The single-atom-thick layers of hexagonal boron nitride (h-BN), the material under intense study at Rice University's Department of Mechanical Engineering and Materials Science, are likely to find some macro applications as well. Researchers across a number of laboratories have announced a method of producing sheets of h-BN, which could turn out to be the turning point in the large scale adoption of this wonder material. [Song et al., Nano Lett., 2010, 10, 3209].

Graphene began the trend with its enhanced electronic properties, with new properties still being discovered today. Hexagonal boron nitride, on the other hand, is an insulator. Earlier this year, Rice postdoctoral researchers in Ajayan's group found a way to implant islands of h-BN into sheets of graphene, a unique way to exert a level of control over the sheets electronic character.
The team lead by primary author li Song has figured out how to deposit sheets of pure h-BN, which is naturally white in bulk form, anywhere from one to five atoms thick on a copper substrate. The material can then be transferred to other substrates.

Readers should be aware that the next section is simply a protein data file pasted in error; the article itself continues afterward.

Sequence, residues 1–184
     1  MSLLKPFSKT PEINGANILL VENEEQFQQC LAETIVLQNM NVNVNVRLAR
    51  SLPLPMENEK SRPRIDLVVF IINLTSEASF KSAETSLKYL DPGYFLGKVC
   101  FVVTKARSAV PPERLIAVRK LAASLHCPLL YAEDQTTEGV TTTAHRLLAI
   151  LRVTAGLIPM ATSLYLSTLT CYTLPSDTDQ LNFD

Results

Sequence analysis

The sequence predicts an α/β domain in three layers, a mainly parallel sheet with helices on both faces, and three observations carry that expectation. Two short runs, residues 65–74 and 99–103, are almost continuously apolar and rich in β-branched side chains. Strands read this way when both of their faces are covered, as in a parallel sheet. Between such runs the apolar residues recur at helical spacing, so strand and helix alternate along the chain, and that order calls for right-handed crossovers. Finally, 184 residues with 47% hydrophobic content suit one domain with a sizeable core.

They used a chemical vapour deposition technique to grow the h-BN sheets on a 5 by 5 cm copper backing at temperatures of up to 1000 degrees Celsius. The sheets could then be stripped from the copper and placed on a variety of substrates.
Song sees h-BN sheets finding wide use as a highly effective insulator in graphene based electronics. Song also mentioned it should also be possible to draw microscopic patterns of graphene and h-BN, which could be useful in creating nanoscale field-effect transistors, quantum capacitors or biosensors.
Strength tests using the tip of an atomic force microscope to push h-BN into holes in a silicon substrate showed it to be highly elastic and nearly as strong as graphene, the single-atom form of pure carbon.
Song said the size of h-BN sheets is limited only by the size of the copper foil and furnace used to grow it. The process should be adaptable to the same kind of roll-to-roll technique recently used to form 30 inch sheets of graphene.